When Google bought YouTube for $1.65bn in 2006, there were plenty of doubters. That price is looking pretty good now, though: Citi analyst Mark Mahaney has predicted that YouTube’s 2012 revenues will top $3.6bn.
A figure which in his words, is “likely 50% greater than Yahoo!’s Display Advertising total and right-in-line with Netflix’s total subscription revenue. We really doubt whether most investors realize how big/important YouTube has become.”
Under Google’s wing, YouTube’s commercial strategy is coming good, as the company adds more advertising, and tries to shift perceptions of YouTube from a site of individual videos towards being a site of TV-style channels, delivered across every platform and device. Mahaney thinks that after distributing money to partners, Google’s net revenues from YouTube wil be $2.4bn this year.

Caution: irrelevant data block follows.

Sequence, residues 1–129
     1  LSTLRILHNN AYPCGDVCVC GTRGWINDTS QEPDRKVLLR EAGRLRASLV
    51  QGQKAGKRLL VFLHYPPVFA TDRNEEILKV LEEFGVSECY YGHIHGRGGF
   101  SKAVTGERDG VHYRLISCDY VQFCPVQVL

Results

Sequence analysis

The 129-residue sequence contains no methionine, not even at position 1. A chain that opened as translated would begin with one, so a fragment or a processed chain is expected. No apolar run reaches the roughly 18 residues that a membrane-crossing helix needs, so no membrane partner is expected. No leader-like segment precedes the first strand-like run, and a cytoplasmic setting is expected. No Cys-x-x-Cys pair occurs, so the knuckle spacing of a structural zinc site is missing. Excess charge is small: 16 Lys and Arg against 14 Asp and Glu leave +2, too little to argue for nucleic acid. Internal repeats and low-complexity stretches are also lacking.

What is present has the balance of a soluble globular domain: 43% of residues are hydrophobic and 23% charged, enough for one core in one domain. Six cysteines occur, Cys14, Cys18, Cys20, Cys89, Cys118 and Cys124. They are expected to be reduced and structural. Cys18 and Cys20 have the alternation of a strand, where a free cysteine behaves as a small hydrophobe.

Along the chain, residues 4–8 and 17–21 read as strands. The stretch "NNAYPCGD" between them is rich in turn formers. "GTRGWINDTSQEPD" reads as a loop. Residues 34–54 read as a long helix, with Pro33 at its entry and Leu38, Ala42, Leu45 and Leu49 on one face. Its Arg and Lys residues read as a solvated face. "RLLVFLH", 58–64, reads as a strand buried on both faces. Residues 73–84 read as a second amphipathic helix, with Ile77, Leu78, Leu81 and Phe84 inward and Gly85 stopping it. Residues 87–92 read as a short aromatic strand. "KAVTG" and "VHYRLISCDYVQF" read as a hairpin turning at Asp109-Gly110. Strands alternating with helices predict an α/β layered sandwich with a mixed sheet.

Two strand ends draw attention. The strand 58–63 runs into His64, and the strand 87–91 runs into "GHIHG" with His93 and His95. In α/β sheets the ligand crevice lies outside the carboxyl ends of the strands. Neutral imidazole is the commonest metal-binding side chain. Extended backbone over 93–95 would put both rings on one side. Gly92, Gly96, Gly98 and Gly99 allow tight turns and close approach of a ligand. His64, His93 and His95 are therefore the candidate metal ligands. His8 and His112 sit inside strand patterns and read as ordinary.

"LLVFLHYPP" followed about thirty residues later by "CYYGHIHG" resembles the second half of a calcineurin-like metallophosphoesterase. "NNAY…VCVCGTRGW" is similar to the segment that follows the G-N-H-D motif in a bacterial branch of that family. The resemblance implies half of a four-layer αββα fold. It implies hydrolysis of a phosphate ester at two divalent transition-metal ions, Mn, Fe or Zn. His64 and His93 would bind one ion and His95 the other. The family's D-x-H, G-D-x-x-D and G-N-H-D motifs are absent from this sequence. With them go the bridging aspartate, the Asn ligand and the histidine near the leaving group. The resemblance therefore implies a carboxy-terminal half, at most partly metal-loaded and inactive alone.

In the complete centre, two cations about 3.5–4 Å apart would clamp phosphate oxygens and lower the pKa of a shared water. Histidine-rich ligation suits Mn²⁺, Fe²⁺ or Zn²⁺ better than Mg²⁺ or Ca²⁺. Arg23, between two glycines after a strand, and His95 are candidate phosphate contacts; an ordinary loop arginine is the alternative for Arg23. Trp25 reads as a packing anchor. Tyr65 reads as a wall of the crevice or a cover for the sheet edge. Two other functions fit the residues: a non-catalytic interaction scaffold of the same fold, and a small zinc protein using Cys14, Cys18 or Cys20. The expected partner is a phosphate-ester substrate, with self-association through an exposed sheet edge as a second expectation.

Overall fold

Big numbers, but could they reignite an old debate within the music industry about YouTube payouts to artists, songwriters and rightsholders? It’s no secret that the larger streaming music services are frustrated that YouTube never seems to figure in public debates about their own payout rates – although they often forget the days in early 2009 when PRS for Music was campaigning against YouTube. Or, for that matter, GEMA in 2012.
If YouTube does do $3.6bn of revenues this year – Mahaney is a respected analyst covering the company, but it’s still just a prediction – perhaps it will serve as inspiration for the streaming services though. A commercial model that was initially scoffed at has proved its worth at scale. For YouTube in 2012, read Spotify in 2016? Or sooner, given CEO Daniel Ek’s prediction in April that his company’s revenues could reach nearly $900m this year.